Enjoy 2 clips from Mer Almagro’s Video of the enameling technique of Grisalla Opal.
Enjoy a clip from Mer Almagro’s Video of the enameling technique of Grisalla Opal. Here Mer gives you a beautiful Grisaille Enamel tutorial. I have seen Grisaille used with white opaque enamels over black opaque but her application using opals is just beautiful. After 30 years of enameling, you would think you have seen all the techniques. This is definitely a technique I will be using, I can see it helping me in my ocean scenes as well as in my animals. Her work is not only beautiful but also shows any enamelist a very delicate approach to shading your enamels. Here is a link to purchase her video below.
In some incidences setting of enamels from the front is not always an option.
Setting of Painting Enamel Jewels
For Larissa’s chosen designs her amazing enamel jewels are set from the back to allow her to create beautiful metal work on the front of the jewelry piece. I have been asked to show how she achieves this by setting the enamel jewel from the back.
The setting of enamel jewels from the back, you can see here by using tabs.
You asked about making flesh colors. This hula lady is an enameling technique of cloisonne. This mean the wires are forming the figure. Inside the wires I used Bovano’s flux #3 on fine silver, then the following layer are 209 Bovano’s. It is a opal enamel and you have the be careful not to over fire it, too hot too long or gets muddy. When finished and polished it should look like it is transparent enamel, that is the color of flesh.
Below is a color plate of mine of opaque flesh colors from left to right, the lower row.
B157 is a soft enamel, B88 hard enamel, B220, B226, B224, B233, B227 With these opaque enamels you could make figurative work.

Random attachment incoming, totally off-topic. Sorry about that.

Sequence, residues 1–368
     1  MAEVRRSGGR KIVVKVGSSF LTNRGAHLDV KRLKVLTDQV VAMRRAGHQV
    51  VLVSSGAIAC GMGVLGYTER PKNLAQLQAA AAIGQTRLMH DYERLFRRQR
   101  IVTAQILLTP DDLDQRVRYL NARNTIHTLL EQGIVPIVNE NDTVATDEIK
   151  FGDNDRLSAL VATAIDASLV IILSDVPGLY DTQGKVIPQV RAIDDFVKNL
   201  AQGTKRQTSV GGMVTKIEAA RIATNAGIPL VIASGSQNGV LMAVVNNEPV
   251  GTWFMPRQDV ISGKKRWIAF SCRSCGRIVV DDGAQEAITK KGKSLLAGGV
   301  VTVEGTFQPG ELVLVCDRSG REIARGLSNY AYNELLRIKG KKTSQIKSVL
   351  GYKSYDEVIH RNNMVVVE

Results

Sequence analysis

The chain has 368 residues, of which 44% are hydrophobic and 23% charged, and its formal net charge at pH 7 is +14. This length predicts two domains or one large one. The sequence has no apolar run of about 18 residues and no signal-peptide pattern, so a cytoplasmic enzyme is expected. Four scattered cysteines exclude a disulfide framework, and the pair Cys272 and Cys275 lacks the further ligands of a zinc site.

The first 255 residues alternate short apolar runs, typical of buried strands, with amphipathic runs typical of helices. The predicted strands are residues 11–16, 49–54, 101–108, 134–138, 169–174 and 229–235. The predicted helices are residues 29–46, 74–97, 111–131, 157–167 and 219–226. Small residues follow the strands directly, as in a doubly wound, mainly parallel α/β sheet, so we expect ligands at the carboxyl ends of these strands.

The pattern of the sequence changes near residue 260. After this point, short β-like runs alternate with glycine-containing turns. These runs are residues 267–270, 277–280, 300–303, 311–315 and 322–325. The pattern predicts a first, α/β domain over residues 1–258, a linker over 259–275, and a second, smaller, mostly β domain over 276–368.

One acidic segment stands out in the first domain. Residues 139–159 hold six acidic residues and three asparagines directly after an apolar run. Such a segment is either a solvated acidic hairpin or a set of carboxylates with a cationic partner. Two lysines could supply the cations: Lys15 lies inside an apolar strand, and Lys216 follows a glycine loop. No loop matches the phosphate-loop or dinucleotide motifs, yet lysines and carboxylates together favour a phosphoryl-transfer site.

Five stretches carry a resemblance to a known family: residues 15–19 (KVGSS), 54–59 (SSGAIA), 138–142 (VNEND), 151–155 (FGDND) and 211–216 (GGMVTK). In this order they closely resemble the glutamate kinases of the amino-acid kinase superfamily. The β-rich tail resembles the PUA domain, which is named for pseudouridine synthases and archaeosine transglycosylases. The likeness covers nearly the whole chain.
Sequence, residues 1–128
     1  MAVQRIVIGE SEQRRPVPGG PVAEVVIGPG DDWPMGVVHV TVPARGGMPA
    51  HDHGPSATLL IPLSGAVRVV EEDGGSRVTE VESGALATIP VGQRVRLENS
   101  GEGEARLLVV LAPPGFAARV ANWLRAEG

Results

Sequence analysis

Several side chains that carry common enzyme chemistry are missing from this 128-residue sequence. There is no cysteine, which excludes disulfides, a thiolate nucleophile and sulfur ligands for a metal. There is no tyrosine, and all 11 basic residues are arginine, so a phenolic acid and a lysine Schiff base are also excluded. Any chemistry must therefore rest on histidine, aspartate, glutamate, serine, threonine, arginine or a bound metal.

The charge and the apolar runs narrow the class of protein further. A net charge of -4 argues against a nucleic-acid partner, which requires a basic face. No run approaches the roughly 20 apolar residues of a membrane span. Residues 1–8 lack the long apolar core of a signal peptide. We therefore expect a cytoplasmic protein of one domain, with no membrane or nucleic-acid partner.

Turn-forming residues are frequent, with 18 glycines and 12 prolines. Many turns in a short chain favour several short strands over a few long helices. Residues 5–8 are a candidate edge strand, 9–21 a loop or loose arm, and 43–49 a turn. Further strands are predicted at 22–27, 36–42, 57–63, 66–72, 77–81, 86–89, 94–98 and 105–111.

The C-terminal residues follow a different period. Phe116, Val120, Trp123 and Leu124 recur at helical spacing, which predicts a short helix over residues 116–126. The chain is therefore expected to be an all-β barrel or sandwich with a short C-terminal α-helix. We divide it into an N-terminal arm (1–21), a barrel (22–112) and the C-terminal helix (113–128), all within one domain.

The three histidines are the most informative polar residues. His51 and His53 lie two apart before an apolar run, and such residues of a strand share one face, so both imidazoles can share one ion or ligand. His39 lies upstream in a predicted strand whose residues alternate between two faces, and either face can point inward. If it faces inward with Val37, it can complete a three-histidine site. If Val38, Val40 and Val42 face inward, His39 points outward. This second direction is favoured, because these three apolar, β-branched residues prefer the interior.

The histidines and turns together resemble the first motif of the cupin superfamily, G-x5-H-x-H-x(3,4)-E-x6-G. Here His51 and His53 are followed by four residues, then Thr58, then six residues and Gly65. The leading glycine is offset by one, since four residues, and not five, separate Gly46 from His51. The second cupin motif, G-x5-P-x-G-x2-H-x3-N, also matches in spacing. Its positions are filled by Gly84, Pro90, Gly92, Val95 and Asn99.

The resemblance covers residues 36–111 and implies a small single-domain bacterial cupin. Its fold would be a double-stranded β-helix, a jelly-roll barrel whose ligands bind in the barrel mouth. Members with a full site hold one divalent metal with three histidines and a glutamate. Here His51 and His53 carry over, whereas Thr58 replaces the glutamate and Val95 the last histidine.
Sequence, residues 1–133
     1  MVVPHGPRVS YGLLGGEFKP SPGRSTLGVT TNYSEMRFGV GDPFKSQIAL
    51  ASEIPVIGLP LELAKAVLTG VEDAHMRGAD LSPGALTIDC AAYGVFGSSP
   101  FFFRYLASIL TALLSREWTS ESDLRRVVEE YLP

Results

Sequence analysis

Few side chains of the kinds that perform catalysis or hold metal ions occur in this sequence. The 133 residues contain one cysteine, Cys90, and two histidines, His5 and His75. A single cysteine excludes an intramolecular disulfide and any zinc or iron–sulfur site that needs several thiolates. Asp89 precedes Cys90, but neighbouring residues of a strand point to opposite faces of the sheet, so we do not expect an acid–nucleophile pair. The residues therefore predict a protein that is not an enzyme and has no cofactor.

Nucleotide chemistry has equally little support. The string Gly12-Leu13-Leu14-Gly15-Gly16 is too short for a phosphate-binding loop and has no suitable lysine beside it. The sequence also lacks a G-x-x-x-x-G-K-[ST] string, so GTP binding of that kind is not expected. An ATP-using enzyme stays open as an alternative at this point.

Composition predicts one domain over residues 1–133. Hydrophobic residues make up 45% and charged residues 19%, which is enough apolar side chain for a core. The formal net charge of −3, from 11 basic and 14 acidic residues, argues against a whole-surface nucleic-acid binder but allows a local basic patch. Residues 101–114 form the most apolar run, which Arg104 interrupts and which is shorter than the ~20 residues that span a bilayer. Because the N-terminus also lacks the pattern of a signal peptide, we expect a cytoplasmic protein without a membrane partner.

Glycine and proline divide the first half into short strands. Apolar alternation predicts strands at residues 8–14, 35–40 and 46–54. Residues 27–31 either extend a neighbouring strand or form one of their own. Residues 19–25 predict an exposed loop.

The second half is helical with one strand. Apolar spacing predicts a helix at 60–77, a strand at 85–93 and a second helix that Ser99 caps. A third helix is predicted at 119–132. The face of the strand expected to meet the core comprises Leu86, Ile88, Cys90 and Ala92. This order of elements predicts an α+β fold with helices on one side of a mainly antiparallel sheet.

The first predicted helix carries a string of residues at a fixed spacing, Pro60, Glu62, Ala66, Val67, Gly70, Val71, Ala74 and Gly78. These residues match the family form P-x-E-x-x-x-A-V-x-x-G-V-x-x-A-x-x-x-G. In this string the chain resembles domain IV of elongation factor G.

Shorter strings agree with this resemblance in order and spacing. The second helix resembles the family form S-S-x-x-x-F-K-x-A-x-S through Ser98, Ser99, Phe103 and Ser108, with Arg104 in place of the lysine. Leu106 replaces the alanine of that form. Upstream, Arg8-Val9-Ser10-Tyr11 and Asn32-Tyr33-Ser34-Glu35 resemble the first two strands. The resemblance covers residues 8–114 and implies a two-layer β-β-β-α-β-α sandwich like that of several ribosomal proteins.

Below is a figure jewel is by Larissa Podgoretz. She uses painting enamels. You can get a kit from Thompson. The way she accomplished the look of flesh is to start with a plate of copper. And apply and fire a hard white opaque enamel such as Thompson’s 1010, or Bovano’s 101. A hard enamel is used so the foundation is harder than you color layers, this assures the layers of colors will not sink into foundation and look washed out. As their pigment is very thin.
Once you have this base coat of the hard firing white enamel, you sand and polish it to make a smooth canvas to paint on. Now you would take the painting kit and mix colors to get the shades you are imaging. As if you were doing an oil painting.
As you fire many layers of color you do loose a little intensity of the colors, so the last layers will be the darkest.
The photo below is one I have started and you can see how you start painting. First I am paint an outline of the lady. And I fired it. Then I start adding my background color, and fire it. The colors you want to be more subdue you apply first as they fade into the base enamel a bit.The later color applied will be more intense. With painting enamels you can mix them together, say brown and white with a little orange to get a flesh color. It is something you have to play with and learn how to make colors. Any painter using water colors or oils or acrylics have to learn what to mix to get the shade they desire.
To apply the painting enamels you have to play also with them to see how you like the effects of the medium to mix them with. You choose water or oil. I prefer oil. Once you get the kit I recommend you order the enameled steel tiles and mix colors and fire them just like any test plate to see what you like or don’t. And the same theory applies to these enamels as all others, reds and yellows burn. So you will be applying them toward the end of you journey.